JUNE 30, 2002
Formula 1 and Sri Lanka
SRI LANKA has just opened its first racing circuit and it is hoped that the 1.3-mile circuit, located 40 miles to the north of the capital Colombo, will host Formula 3 races in the future.
Up to now what little automobile racing there has been in Sri Lanka has been conducted on roads and old aerodromes and the new circuit is a big step forward for the country. Speed Development Lanka Ltd., the company which has built the track is planning to expand the facility and is already looking at ways in which it could finance the construction of a Formula 1 circuit near the port of Trincomalee. The intention would be to attract tourists to the island and so increase the country's foreign earnings.
Sri Lanka (formerly known as Ceylon) was a British colony until 1948. In 1972 it became a republic and severed all links with Britain and began to build up its own economy but in 1983 ethnic tension between the Tamils (around 20% of the population) and the majority Sinhalese exploded into a civil war. For nearly 20 years the government has tried to defeat the Tamil Tigers without success. Sri Lanka is now one of the poorer countries in Asia and the eastern states, where the Tamils were in the majority, have suffered most.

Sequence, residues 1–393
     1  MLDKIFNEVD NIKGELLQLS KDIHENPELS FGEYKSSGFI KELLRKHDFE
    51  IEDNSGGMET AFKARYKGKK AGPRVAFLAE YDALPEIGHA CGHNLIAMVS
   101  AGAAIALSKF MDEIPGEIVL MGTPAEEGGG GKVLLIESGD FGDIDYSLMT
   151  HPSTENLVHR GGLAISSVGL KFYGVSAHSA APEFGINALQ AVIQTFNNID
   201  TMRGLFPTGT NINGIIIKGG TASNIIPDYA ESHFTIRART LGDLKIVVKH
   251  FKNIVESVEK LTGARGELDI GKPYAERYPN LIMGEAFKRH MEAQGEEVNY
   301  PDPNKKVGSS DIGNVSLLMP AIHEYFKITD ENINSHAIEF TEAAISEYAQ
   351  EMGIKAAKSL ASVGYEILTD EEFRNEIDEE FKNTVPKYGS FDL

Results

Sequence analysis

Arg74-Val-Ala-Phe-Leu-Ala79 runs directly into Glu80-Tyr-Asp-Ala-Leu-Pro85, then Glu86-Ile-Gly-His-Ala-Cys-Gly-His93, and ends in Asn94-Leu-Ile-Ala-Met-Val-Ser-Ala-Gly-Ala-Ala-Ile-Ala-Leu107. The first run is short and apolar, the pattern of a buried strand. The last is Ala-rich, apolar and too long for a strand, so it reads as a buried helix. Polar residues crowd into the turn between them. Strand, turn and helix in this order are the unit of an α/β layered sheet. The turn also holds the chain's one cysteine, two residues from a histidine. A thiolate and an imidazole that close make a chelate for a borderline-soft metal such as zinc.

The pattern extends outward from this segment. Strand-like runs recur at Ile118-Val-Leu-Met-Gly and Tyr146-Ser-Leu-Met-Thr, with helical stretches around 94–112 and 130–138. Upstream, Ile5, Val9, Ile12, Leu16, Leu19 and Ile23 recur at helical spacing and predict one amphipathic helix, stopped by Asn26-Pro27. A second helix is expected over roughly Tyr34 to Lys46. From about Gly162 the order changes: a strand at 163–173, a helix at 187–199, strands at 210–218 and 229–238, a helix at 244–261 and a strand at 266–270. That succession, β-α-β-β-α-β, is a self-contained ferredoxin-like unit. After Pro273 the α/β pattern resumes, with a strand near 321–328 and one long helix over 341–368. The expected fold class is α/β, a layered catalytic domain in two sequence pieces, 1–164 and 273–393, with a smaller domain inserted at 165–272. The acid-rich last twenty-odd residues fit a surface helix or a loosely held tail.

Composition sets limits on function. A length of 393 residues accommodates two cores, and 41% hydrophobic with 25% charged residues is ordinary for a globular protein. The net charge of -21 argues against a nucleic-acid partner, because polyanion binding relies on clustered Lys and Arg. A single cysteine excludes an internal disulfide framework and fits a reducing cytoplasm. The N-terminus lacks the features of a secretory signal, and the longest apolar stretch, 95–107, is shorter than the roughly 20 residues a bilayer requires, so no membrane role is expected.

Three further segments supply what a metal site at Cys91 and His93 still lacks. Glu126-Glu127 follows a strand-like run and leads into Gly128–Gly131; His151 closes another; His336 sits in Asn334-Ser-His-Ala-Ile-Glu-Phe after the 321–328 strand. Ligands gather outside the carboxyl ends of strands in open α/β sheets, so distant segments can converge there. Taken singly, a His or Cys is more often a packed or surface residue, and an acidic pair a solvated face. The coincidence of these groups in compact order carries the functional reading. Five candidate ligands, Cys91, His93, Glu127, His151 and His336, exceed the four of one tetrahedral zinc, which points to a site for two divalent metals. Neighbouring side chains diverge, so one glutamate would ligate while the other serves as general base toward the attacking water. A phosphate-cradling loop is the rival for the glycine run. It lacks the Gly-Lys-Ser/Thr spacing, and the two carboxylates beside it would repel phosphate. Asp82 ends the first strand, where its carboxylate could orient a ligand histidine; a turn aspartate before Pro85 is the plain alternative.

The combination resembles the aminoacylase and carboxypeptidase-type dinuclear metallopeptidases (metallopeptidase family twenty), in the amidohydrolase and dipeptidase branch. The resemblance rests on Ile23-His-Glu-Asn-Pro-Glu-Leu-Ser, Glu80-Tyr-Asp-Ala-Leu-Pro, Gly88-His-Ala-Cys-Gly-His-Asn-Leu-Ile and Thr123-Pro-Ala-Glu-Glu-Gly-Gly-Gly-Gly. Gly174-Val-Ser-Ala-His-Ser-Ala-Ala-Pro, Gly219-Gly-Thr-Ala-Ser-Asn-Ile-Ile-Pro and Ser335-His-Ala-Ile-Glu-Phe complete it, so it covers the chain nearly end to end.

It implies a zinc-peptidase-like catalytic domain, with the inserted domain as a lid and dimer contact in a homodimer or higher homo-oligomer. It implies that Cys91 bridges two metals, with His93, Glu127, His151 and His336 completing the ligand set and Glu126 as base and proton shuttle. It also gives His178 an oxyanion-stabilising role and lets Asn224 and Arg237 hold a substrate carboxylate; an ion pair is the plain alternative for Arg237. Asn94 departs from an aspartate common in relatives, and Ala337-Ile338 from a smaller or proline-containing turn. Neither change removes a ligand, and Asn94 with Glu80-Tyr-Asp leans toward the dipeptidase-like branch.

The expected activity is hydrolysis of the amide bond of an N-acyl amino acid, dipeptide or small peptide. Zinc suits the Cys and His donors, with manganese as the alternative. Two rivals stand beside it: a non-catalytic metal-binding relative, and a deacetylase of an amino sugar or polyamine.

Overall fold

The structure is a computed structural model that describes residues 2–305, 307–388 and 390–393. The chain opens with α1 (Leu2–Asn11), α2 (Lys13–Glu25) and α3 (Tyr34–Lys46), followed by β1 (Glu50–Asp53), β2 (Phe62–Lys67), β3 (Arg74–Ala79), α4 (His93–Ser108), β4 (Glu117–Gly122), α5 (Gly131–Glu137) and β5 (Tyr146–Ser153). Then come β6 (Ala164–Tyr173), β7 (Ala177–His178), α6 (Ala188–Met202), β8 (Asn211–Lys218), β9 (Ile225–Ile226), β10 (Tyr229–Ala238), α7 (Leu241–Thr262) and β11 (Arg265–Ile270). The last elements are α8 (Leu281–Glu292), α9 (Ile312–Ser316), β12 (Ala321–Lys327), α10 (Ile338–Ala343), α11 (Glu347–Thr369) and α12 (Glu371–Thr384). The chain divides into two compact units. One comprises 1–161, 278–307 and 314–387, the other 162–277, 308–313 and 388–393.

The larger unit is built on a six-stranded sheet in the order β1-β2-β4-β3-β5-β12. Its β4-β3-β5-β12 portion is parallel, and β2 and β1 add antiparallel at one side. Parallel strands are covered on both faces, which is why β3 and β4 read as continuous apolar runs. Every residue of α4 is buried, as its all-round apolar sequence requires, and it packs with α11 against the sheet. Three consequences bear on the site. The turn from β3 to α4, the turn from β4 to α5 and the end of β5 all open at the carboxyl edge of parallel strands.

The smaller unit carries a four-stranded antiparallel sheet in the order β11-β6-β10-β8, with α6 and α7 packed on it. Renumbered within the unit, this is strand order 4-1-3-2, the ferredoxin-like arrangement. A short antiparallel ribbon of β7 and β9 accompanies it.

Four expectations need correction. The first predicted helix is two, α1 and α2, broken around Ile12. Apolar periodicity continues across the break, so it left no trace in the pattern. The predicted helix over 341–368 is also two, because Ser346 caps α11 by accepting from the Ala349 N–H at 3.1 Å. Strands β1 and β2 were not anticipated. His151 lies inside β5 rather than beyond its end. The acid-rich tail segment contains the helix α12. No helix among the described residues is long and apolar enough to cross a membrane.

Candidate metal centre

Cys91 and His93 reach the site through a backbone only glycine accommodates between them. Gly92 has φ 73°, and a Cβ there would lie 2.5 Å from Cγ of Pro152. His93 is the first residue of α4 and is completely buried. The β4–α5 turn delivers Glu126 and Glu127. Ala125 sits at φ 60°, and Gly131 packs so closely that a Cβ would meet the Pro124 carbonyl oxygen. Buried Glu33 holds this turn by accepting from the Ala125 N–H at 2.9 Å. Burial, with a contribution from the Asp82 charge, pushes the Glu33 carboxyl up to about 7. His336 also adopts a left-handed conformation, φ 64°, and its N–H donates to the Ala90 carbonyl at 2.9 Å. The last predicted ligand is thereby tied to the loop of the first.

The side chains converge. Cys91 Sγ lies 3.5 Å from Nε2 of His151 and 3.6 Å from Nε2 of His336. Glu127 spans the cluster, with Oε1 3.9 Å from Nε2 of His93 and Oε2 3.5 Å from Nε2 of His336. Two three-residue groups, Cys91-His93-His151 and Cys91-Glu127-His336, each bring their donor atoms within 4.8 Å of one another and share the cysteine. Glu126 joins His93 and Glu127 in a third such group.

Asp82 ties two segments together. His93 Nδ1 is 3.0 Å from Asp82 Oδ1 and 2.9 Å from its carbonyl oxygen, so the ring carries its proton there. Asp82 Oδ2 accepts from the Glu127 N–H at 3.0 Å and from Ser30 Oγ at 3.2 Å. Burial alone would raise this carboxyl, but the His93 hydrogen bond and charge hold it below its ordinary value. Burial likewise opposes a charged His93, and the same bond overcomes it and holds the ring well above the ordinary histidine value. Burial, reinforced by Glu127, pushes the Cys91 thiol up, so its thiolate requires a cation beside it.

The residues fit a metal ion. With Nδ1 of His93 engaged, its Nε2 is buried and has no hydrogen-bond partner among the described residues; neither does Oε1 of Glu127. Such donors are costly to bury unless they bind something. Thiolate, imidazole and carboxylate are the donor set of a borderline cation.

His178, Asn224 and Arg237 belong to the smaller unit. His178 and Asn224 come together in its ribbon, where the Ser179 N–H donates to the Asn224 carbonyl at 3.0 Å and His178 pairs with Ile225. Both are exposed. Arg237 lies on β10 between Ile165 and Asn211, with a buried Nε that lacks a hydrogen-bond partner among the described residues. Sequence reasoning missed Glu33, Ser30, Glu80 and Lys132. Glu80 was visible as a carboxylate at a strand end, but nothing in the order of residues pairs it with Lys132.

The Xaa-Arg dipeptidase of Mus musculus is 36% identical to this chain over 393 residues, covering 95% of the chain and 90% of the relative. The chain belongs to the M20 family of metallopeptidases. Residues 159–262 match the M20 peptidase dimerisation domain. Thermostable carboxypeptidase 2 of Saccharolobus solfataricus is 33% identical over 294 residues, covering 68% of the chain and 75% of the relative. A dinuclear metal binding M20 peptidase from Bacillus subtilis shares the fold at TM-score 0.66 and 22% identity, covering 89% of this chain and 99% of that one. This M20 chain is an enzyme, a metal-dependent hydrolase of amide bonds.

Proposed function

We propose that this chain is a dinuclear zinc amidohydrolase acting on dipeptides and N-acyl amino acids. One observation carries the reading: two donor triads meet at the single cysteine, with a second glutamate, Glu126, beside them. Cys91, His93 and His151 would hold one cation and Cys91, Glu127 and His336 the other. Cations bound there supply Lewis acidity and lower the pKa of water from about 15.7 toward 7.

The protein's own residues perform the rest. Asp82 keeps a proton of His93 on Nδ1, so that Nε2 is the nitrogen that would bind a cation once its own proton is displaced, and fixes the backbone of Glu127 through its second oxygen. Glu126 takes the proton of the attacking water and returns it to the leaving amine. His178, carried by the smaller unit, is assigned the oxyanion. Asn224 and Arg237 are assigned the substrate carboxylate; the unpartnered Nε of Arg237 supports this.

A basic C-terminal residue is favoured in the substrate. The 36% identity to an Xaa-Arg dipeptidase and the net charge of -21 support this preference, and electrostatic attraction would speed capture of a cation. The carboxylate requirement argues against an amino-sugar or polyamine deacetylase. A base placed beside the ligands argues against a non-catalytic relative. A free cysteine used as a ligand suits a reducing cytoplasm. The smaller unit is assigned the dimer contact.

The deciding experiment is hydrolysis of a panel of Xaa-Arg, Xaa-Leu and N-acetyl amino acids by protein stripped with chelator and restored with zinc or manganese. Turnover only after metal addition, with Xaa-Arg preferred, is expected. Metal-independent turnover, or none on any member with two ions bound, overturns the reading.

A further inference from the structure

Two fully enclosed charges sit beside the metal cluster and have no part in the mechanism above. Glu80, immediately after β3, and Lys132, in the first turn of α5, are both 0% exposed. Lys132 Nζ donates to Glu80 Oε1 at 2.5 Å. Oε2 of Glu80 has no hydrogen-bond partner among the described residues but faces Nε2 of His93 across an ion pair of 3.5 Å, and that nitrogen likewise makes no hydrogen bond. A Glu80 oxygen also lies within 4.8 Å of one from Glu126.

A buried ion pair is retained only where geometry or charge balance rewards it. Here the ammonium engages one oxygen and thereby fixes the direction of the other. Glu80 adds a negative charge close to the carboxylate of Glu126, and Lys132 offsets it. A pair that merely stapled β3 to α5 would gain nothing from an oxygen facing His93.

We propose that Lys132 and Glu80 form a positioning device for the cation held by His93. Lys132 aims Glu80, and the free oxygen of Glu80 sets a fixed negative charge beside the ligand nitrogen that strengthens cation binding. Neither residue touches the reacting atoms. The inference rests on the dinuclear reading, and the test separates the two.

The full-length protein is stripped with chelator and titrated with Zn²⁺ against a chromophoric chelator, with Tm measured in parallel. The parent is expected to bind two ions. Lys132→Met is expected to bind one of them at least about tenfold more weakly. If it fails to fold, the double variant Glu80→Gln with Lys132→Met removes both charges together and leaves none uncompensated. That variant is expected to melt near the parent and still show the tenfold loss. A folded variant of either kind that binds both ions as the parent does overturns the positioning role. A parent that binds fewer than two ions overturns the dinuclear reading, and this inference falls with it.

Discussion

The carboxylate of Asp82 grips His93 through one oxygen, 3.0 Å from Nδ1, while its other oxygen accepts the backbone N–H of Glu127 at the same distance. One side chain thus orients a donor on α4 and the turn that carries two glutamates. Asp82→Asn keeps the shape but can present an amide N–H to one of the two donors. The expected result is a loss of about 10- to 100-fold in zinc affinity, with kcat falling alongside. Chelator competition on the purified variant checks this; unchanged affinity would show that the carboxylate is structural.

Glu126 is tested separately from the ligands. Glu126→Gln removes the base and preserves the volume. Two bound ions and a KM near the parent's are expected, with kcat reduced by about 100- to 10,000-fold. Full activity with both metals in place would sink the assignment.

In February a Norwegian peace plan was accepted by the warring parties and as a result there will be an autonomous Tamil region with Trincomalee as its capital. The locals are hoping to revive the tourist trade that was just beginning in the late 1970s. The area boasts some of the finest beaches in the world but in recent years Sri Lankan tourism has been concentrated in the peaceful south-west of the island, which attracts 400,000 visitors a year.
The aim of the Sri Lankans is to win back tourists from the Maldives and other resorts in the region, notably Malaysia and Thailand.
There is some opposition to too much development on the Trincomalee coast but the idea of using F1 fits in with the plan to attract the top-end of the tourist market to high-quality but exclusive resorts rather than inundating the area with mass tourism.
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